12 years of trends on cohabitation and divorce
The Office of National Statistics has released new statistics showing the trends in the marital status and living arrangements of people aged 16 and over in England and Wales from 2002 to 2014.
The information shows that there has been an ongoing rise in the number of divorces of people in their 50s and 60s. This could be due to the fact that divorce no longer has the same stigma attached to it and therefore it’s more acceptable to get divorced rather than stay in an unhappy marriage.
There are also more 30-34 year olds who only live together and are not married. Given the financial crisis in 2008 and the steady rebuild the country has gone through, a large number of people in this age group possibly cannot afford the cost of their dream wedding.
The figures also show that:
- More women (18.9%) than men (9.8%) are not living in a couple as they have been previously married or civil partnered. This is also due to larger numbers of older widowed women than men in England and Wales in 2014.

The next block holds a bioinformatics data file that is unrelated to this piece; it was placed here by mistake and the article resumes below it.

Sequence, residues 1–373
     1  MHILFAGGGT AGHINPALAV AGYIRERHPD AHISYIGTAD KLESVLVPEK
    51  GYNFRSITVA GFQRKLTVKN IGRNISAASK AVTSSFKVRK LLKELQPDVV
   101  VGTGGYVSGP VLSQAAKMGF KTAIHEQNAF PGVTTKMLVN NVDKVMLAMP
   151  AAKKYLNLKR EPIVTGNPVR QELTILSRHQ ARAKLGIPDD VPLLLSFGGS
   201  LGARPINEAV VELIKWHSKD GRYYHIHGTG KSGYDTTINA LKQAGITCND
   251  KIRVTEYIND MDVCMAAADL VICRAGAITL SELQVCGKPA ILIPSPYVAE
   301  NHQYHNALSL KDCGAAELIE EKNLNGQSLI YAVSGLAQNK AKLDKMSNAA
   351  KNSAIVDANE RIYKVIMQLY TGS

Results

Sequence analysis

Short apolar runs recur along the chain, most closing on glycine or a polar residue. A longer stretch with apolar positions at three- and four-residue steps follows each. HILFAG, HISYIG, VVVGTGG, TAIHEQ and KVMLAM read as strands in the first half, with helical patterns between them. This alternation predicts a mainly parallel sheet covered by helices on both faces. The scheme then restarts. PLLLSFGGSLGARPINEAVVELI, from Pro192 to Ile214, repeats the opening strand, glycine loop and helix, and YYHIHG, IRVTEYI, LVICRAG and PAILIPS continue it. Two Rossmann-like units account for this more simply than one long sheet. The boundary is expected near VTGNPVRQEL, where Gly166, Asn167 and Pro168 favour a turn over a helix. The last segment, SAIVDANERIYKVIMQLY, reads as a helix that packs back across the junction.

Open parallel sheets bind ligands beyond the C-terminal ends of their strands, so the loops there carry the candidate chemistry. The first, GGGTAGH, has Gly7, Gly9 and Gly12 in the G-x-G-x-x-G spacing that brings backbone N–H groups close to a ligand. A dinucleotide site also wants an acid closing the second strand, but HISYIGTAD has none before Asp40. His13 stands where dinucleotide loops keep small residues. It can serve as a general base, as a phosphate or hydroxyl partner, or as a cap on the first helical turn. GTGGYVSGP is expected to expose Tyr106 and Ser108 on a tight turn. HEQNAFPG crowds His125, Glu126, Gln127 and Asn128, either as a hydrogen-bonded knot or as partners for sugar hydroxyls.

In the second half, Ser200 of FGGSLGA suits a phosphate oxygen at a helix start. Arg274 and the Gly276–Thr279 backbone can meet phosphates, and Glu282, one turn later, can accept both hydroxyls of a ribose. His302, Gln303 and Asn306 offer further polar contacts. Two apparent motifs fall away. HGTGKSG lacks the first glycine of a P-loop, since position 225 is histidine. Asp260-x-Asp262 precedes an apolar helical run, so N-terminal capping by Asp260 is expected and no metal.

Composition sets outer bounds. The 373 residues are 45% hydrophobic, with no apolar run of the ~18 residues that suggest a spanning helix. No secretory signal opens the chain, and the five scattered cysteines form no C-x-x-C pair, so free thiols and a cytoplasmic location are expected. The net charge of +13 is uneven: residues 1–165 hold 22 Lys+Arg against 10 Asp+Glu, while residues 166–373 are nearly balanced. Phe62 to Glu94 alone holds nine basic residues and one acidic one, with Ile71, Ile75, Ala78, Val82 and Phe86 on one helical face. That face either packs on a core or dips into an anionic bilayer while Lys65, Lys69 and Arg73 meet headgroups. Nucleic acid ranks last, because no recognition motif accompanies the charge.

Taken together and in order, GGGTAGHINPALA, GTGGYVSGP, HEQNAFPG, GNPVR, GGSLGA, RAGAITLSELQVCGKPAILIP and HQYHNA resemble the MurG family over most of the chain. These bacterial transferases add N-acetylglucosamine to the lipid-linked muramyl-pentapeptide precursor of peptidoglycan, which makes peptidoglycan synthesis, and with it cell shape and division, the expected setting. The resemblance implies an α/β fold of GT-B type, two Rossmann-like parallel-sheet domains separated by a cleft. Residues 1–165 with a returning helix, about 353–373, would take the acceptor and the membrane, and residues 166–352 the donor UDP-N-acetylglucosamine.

- In 2014, 51.5% of people aged 16 and over in England and Wales were married or civil partnered while 33.9% were single, never married.
- Between 2002 and 2014 the proportions of people aged 16 and over who were single or divorced increased but the proportions who were married or widowed decreased.
- The increase between 2002 and 2014 in the percentage of the population who were divorced was driven by those aged 45 and over, with the largest percentages divorced at ages 50 to 64 in 2014.
- In 2014 around one in eight adults in England and Wales were living in a couple but not currently married or civil partnered, with cohabitation being the most common in the 30 to 34 age group.
It’s important to note that the process in dealing with a couple divorcing compared to an unmarried couple who are separating is very different. There is no such thing in law as a ‘Common Law Spouse’ and, as such, anyone who is going through a separation should seek legal advice on their position and rights.